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Perfection to a tea

By Deng Zhangyu | China Daily | Updated: 2023-10-20 07:47
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Cultural inheritors of Pu'er in Yunnan eager to spread the beverage's fame, Deng Zhangyu reports.

As the sun rises over his tea plantation in Ning'er county in Pu'er, Yunnan province, Li Xingchang walks around examining the leaves and smelling their aroma.

September is harvest time, and Li is treating each tree tenderly, as if it was his own child. The 69-year-old has spent almost four decades planting and making Pu'er "tribute tea", which was once produced for the exclusive use of the royal family during the Qing Dynasty (1644-1911).

"From the time I started making tea, I felt like it was part of my life. My whole life has been involved with Pu'er tea," says Li, a family inheritor of the technique of making Pu'er tribute tea.

Li Xingchang, a family inheritor of the Pu'er tribute tea-making technique. GAO LONG/FOR CHINA DAILY

Last November, China's traditional tea-processing techniques and their associated social practices were inscribed on the UNESCO's Representative List of the Intangible Cultural Heritage of Humanity. Pu'er tea was included on the list.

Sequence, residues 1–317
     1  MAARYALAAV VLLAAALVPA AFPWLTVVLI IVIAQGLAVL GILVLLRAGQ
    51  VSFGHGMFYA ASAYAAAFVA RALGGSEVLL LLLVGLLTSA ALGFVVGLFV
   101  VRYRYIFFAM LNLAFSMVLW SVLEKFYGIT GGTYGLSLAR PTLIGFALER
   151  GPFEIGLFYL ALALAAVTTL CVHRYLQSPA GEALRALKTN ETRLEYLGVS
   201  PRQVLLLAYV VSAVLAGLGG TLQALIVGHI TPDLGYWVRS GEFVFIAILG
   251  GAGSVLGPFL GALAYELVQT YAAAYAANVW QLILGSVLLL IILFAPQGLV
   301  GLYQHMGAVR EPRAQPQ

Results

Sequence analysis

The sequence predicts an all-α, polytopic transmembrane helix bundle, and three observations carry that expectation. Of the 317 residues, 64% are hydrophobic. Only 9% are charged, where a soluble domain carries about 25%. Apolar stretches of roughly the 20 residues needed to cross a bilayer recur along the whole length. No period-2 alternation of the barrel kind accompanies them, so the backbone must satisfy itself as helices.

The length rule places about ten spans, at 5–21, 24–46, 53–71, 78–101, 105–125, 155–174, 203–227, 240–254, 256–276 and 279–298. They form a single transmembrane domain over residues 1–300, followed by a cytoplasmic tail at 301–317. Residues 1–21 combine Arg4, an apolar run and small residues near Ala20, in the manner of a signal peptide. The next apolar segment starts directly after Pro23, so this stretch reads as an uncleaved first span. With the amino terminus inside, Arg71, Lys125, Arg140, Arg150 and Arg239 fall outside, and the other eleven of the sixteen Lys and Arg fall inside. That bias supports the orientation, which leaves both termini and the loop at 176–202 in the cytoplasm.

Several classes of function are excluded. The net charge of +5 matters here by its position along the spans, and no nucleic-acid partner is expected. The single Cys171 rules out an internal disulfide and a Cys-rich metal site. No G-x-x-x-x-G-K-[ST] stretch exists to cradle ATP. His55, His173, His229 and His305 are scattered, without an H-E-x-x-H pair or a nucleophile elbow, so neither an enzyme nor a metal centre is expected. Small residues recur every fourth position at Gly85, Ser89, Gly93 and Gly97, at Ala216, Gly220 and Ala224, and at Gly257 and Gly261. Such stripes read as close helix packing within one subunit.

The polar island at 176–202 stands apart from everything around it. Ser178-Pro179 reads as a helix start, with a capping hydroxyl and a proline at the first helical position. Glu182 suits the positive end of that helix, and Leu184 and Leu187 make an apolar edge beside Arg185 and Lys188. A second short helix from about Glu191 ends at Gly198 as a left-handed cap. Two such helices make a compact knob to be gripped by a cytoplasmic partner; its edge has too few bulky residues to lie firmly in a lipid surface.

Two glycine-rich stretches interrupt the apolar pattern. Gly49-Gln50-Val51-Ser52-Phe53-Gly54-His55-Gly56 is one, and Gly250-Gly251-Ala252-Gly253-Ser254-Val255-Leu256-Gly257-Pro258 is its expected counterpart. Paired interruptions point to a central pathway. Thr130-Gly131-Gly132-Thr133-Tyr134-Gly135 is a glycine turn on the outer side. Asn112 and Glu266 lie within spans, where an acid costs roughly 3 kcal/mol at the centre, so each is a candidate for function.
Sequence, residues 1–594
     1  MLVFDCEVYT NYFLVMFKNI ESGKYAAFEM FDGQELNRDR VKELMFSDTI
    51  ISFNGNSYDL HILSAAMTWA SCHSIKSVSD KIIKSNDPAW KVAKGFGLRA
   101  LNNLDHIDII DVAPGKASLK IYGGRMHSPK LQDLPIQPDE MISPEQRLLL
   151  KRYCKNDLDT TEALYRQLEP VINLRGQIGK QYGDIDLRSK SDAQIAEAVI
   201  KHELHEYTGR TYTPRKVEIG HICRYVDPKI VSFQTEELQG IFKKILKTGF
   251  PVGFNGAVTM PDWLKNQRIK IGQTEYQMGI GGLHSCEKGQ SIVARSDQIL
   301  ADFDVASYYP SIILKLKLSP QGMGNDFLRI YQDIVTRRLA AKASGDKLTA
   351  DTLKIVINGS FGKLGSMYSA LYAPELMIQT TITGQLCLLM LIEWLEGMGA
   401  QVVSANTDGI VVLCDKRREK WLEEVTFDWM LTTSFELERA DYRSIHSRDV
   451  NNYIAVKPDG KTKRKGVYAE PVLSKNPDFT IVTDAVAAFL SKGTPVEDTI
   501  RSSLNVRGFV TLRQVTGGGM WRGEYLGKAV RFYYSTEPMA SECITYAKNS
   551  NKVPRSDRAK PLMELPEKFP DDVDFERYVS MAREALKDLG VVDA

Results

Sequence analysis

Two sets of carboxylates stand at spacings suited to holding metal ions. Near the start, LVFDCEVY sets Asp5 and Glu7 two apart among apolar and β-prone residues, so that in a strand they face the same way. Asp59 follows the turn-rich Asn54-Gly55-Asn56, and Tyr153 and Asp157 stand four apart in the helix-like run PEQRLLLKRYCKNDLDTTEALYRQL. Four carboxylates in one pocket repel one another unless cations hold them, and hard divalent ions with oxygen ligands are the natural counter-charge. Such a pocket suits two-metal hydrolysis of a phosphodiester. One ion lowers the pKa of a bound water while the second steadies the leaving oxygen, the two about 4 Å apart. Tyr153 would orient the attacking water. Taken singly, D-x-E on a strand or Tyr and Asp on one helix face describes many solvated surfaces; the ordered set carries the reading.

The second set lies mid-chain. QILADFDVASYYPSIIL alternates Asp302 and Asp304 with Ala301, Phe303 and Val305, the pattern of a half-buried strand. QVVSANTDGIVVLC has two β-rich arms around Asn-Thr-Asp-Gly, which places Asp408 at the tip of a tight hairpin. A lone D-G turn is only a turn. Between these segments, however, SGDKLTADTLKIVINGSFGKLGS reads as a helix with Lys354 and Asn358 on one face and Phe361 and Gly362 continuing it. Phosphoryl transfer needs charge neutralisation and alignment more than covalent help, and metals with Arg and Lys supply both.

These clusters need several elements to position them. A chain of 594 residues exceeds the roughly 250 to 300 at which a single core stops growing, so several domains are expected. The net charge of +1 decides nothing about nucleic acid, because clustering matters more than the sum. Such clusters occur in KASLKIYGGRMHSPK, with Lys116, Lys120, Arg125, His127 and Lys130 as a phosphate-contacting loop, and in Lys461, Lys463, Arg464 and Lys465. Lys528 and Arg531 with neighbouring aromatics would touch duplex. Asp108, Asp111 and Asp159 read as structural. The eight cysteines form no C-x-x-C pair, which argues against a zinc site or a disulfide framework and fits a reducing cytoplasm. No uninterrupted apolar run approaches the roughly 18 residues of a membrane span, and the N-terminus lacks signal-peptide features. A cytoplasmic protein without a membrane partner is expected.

Li's family began making Pu'er tribute tea during the reign of Emperor Yongzheng (1723-35). He is now the eighth generation with expertise in the process.

When Li was a child, he would go to the plantation with his parents to help them pick leaves at harvest time. With a history of several hundred years, the ancient plantation was his playground. Most of his childhood memories are associated with it, such as climbing tea trees and playing games with his friends.

In 1987, Li started learning how to make Pu'er tribute tea from his mother, who he said was very strict. From planting to the complicated processes of tea making, it took him 10 years to win his mother's approval.

"If I didn't do well, she would throw away the leaves or refuse to drink the tea I made. When one day, she smiled after taking a sip, I knew I had made it," recalls Li.

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